Margareta Pagano: The car industry is on a roll. But our skills are stuck in second gear

In The City: Apprenticeships should be made at least equal to university degrees

It was Françoise Sagan who said: "Money may not buy happiness, but I'd rather cry in a Jaguar than on a bus." The French writer had taste, but if she were alive today, she would choose Jaguar's new F-type model in which to sob her heart out as it's quite simply one of the most gorgeous racing cars on the road. Launched in May, sales of the F-type are zipping along at 1,000 a month, which helped Jaguar Land Rover's sales jump by nearly a third in the first half of the year.

The F-type, like all the 360,000 vehicles made by JLR last year, are made in Britain – every single nut and bolt. Since being taken over by the Indian Tata group, the company has grown rapidly and now employs 25,000 skilled workers – 7,000 of whom are engineers – and earns around £8bn in exports a year.

JLR's turnaround is one of the most astonishing success stories of the past decade but it's not the only one in the industry. Together with Nissan, Ford, McLaren, GKN and many others in the supply chain, JLR is part of an automotive industry that is now producing 1.58 million vehicles a year – nearly as many as in its 1960s heyday – and employs over a million people.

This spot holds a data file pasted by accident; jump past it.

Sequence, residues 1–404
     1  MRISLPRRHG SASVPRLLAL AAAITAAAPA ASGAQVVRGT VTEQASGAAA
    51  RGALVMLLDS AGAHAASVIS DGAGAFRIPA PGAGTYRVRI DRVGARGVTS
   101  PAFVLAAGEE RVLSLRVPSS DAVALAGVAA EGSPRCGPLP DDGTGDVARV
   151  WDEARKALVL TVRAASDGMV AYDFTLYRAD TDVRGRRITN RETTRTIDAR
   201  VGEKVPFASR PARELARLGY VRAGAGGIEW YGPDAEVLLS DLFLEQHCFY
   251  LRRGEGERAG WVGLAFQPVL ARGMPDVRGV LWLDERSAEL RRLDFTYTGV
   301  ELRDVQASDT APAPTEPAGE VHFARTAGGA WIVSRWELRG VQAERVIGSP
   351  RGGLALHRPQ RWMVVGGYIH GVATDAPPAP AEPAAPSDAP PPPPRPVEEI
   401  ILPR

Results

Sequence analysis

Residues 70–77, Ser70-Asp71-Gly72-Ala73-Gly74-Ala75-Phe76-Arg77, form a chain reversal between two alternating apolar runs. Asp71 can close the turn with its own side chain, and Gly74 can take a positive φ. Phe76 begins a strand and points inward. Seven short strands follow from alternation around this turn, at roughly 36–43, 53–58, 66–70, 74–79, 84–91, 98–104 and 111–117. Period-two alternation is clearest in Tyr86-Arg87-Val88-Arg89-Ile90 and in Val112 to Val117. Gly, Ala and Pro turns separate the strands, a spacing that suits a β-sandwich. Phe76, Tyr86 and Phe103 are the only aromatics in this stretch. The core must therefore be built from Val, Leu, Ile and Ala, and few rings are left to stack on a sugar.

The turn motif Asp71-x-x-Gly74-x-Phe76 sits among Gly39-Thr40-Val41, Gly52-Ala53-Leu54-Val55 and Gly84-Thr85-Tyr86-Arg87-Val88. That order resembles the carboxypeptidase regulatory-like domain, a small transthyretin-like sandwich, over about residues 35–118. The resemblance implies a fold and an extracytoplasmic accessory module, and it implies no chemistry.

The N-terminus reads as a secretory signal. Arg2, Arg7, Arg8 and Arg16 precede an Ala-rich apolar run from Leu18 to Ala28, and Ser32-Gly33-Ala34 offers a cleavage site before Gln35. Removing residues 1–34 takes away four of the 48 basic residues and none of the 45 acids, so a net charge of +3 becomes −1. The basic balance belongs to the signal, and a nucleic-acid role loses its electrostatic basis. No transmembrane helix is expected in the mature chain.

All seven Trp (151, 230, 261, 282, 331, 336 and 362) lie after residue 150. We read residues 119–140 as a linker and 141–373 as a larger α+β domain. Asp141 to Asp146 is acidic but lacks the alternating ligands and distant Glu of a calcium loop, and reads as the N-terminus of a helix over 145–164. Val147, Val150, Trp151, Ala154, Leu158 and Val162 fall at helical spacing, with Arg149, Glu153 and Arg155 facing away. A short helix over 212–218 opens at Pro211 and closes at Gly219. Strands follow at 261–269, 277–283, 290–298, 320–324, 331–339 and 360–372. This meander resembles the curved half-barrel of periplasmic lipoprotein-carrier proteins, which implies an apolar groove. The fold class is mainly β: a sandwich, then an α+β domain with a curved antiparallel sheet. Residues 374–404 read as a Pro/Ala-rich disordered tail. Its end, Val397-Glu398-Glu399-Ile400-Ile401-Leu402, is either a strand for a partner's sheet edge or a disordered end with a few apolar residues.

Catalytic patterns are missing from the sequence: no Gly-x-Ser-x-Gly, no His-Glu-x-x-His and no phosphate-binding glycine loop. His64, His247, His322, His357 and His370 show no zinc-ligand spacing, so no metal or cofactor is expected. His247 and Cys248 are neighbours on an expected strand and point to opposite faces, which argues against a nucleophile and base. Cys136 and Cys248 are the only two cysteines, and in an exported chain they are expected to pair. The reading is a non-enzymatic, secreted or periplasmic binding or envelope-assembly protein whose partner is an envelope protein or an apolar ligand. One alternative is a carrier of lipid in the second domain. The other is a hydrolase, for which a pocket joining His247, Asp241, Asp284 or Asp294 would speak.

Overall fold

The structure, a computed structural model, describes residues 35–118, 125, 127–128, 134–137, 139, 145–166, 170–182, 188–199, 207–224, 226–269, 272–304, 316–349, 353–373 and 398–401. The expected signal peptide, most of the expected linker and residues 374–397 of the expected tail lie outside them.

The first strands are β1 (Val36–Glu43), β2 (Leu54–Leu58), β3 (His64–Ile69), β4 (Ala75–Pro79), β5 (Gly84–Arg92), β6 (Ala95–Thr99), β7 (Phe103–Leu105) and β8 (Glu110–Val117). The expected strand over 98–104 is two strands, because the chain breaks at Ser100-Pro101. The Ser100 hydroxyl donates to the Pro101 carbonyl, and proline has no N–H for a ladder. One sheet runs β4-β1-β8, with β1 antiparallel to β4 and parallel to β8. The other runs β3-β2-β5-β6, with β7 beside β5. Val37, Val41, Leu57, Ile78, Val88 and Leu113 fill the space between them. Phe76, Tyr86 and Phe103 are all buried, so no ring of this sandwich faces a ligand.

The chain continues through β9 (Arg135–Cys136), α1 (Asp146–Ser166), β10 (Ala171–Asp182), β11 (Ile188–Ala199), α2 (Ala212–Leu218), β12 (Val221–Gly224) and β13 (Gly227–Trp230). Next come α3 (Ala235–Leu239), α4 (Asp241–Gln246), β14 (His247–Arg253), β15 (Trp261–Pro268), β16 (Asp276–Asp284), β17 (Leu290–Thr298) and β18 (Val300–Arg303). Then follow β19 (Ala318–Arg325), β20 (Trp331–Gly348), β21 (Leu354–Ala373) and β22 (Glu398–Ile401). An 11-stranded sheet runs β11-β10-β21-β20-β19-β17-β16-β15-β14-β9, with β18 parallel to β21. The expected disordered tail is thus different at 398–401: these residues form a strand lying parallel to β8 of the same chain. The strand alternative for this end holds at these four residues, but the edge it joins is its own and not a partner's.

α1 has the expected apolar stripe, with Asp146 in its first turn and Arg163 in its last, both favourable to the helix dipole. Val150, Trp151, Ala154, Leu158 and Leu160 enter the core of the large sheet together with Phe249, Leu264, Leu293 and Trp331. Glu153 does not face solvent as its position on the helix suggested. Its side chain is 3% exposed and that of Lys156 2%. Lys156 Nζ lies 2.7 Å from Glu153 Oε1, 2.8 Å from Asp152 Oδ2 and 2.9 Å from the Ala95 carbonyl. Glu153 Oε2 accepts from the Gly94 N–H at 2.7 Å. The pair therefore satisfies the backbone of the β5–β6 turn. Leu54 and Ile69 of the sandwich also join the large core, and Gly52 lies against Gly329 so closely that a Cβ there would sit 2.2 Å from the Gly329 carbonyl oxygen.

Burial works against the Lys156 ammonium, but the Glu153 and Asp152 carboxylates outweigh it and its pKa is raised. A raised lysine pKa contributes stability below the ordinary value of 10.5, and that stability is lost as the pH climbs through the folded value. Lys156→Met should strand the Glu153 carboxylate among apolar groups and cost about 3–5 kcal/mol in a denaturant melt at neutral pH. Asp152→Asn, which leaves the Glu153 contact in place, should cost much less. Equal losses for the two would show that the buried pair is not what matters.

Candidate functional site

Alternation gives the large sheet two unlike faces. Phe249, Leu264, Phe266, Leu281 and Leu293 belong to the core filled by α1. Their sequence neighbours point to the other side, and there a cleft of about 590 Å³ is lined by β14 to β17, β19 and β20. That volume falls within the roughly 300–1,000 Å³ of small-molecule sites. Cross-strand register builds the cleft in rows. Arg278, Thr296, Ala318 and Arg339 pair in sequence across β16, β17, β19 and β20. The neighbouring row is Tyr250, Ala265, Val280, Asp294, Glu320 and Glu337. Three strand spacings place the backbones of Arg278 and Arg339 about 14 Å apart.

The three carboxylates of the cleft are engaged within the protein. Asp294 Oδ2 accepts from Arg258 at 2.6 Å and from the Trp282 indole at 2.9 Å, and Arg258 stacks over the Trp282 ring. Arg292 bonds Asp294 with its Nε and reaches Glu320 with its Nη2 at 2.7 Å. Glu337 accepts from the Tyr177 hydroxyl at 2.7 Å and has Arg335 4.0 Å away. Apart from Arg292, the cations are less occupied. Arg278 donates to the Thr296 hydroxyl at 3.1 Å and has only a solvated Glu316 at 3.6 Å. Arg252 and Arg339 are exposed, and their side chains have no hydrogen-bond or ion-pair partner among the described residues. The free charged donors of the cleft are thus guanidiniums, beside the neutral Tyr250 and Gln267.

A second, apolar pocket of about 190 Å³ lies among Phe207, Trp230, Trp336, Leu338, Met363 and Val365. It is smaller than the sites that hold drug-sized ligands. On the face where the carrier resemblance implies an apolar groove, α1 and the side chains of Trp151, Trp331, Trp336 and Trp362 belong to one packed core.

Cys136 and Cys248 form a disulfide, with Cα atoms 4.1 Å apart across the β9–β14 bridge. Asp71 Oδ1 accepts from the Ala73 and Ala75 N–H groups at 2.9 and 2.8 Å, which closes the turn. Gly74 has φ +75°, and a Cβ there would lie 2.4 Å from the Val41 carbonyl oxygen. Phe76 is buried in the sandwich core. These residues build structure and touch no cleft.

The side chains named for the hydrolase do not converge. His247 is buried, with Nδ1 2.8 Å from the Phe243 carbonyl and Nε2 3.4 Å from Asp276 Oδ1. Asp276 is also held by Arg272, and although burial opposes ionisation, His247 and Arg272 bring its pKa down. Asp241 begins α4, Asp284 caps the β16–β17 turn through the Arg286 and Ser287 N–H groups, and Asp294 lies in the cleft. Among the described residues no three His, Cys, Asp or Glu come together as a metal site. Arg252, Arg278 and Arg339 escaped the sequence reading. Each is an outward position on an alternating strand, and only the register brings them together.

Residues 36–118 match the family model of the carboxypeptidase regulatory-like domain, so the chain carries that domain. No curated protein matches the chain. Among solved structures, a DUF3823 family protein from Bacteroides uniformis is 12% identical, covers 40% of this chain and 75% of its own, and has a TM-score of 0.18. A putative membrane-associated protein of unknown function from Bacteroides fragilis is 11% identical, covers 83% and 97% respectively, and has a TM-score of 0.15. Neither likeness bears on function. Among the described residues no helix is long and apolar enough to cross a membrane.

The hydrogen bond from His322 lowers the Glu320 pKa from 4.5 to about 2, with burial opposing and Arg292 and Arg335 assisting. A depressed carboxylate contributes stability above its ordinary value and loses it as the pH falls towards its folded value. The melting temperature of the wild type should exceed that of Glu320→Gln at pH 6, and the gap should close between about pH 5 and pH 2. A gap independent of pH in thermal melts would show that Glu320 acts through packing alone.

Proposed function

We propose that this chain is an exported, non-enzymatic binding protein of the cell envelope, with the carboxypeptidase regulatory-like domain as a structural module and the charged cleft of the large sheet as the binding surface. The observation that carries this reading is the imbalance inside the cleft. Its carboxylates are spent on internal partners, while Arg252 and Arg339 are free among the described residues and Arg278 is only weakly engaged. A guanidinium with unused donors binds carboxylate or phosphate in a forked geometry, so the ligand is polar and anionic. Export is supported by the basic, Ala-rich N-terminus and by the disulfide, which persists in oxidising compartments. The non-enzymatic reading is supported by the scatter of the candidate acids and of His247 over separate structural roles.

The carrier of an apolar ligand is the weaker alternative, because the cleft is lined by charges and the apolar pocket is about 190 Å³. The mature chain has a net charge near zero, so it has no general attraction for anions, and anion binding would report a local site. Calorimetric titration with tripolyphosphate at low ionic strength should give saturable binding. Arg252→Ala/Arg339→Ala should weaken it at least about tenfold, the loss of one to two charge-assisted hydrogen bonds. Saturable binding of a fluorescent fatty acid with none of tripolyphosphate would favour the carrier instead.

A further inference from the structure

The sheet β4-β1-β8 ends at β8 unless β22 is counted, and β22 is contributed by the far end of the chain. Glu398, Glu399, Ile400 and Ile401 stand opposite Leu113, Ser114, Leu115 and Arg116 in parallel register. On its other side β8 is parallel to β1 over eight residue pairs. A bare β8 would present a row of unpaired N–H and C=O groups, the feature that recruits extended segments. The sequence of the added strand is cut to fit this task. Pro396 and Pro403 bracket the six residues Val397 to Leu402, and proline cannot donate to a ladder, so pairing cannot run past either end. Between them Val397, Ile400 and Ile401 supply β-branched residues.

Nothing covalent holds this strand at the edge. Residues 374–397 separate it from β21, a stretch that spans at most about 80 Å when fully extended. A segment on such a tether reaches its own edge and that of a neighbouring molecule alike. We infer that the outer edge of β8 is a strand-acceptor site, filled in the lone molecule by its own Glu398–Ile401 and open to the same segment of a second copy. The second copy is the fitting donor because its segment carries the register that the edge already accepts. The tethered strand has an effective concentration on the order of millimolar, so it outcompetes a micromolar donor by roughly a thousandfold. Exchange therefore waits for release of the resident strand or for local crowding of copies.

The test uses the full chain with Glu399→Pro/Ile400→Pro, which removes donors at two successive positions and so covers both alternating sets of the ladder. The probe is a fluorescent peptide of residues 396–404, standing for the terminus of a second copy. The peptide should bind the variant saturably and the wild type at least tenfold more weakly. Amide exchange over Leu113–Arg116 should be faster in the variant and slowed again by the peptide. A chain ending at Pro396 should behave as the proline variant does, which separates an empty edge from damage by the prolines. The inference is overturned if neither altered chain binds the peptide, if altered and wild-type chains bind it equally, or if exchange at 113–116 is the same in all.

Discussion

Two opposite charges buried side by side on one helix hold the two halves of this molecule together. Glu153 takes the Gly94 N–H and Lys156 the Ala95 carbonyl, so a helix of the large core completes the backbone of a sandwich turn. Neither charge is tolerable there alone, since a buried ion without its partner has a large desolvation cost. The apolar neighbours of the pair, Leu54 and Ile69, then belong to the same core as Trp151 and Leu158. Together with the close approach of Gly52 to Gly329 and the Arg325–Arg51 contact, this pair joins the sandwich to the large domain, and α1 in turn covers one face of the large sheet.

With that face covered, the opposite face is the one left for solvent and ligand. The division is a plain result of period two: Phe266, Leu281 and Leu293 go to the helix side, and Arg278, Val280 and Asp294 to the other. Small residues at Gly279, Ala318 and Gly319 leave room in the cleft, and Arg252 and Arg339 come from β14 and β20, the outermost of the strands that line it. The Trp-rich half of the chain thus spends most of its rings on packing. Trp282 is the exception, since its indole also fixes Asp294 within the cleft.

And do you know why the industry is so spectacularly successful? This is the pot-boiler. They may be in short supply but the UK still has the best engineers in the world, and meanwhile the carmakers enjoy great relations with their work-forces and work closely alongside the unions, such as Unite. That's not what we are used to hearing about British industry or its workforce, but it's true and we need to shout it out loud.

Now the auto industry is so confident about the future that it is co-investing with the Government to build a new Advanced Propulsion Centre to research and develop the next generation of engines – low-carbon ones to replace our petrol and diesel ones. Over the next decade, the Government and the 27 automotive companies that are collaborating will invest £500m each in the APC, which is likely to generate another 30,000 new jobs.

Huge credit for getting this new research centre off the ground should go to the chief petrol-heads, Vince Cable, the Business Secretary, and Professor Richard Parry-Jones, co-chairs of the UK Automotive Council, who fittingly announced the new deal at Goodwood's Festival of Speed on Friday.

Indeed, it is the result of a great partnership that has seen £6bn of foreign investment in the UK over the last two years, helping to secure at least 7,500 jobs. Mr Cable, who has also set up the Automotive Investment Organisation, reckons this amount can be doubled over the next few years.

This is what a modern industrial strategy looks like – imaginative, collaborative and long term. Yet there is more to be done in fleshing out the details. Unite, which welcomed the strategy, also makes the point that ways need to be found to build more on the UK's domestic supply chains, as too many components are still coming from overseas.